The findings of a population decrease during the last census should immediately propel changes in governance arrangements to foster a deepener sense of national unity and belonging, according to the Indian Arrival Committee (IAC).
The preliminary results, which were recently released to the public, show Guyana’s population has decreased from 751,223 in 2002 to 747, 884 in 2012, a reduction of 3,339 persons.
Analyst Christopher Ram has estimated that the findings of the census indicate that roughly 128,000 persons have left the country in the decade between 2002 and 2012, when the births of deaths during the period are considered.
In a statement, the IAC said the results are alarming and noted that they indicate a high net migration outflow of between 15 and 20 per cent of the current resident population between 2002 and 2012. It added that the current census figures strongly suggest that the brain drain has continued unabated, despite the strength of the local economy, which has had 14 consecutive years growth according to GDP per capita statistics published by the International Monetary Fund (IMF).
The IAC is concerned that despite this prolonged period of economic growth, the migration outflows continue unchecked and it suggested that a comparative analysis of the respective economic growth patterns of Guyana and Singapore will shed much light on Guyana’s current predicament. According to IMF Statistics, the GDP (nominal) per capita in 1960 for Guyana was US$304 while that of Singapore was US$395. In 2013, the values were US$3,729 for Guyana and US$54,776 for Singapore.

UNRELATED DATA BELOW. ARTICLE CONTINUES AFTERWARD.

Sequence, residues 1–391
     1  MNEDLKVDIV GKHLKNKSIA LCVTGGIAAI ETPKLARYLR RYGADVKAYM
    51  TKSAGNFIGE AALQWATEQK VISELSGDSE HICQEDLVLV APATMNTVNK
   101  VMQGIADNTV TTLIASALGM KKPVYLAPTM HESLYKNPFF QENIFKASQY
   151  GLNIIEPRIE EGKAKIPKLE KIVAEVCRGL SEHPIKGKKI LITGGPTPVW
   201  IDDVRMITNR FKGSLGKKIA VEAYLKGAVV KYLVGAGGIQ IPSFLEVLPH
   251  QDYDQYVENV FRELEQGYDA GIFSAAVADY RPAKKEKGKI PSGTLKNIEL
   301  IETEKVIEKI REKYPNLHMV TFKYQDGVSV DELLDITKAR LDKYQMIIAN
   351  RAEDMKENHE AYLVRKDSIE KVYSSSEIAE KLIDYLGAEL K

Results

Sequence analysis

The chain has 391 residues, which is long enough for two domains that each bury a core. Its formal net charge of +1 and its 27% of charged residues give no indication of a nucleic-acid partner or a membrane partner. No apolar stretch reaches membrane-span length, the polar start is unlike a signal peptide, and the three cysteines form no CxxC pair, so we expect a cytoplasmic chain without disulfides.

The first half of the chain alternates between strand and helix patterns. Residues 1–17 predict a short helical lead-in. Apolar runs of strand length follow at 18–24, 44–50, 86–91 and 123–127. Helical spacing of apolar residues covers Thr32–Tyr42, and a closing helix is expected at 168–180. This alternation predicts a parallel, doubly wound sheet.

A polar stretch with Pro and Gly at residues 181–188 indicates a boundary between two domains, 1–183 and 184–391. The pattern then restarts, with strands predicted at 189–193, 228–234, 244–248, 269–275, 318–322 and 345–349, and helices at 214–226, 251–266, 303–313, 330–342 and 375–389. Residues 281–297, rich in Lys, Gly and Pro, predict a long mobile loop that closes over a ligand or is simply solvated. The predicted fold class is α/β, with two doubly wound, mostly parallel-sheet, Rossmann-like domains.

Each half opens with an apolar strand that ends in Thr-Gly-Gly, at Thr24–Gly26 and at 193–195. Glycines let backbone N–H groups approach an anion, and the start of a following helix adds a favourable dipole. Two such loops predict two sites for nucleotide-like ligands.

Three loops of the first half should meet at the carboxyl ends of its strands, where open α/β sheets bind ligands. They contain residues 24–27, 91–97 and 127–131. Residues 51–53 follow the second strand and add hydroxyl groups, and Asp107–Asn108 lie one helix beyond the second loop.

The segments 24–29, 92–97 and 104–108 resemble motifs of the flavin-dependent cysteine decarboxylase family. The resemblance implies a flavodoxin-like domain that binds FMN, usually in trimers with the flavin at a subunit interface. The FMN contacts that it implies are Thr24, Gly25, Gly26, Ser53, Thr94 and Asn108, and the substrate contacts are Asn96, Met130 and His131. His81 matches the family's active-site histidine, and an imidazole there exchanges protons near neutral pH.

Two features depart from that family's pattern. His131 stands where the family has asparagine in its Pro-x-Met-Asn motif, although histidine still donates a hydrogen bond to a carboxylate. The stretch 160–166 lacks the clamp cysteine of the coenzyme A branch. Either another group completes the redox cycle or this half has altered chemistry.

The IAC has computed, using statistics obtained from the IMF database, that to arrive at where Singapore’s economy stood in 2013, it would take Guyana 254 years (from 1960) or another 200 years from today,” it said, adding, “This reality should be a cause of urgent action.”
Therefore, the group urges all political parties, trade unions, religious bodies, cultural organisations, NGOs and civil society to join together to combat divisiveness and to combine intellects to craft a new approach for the nation. The IAC said it believes strongly that the time has come for a serious re-examination of governance initiatives to enhance inclusiveness by all ethnic groups. “This is absolutely necessary to address the deleterious effects of brain drain and increasing levels of crime are to be effectively combatted and result in a significant reduction of the unacceptably high levels of insecurity present in Guyanese society today,” it further said, while adding that it is eager to join with like-minded partners in this endeavour.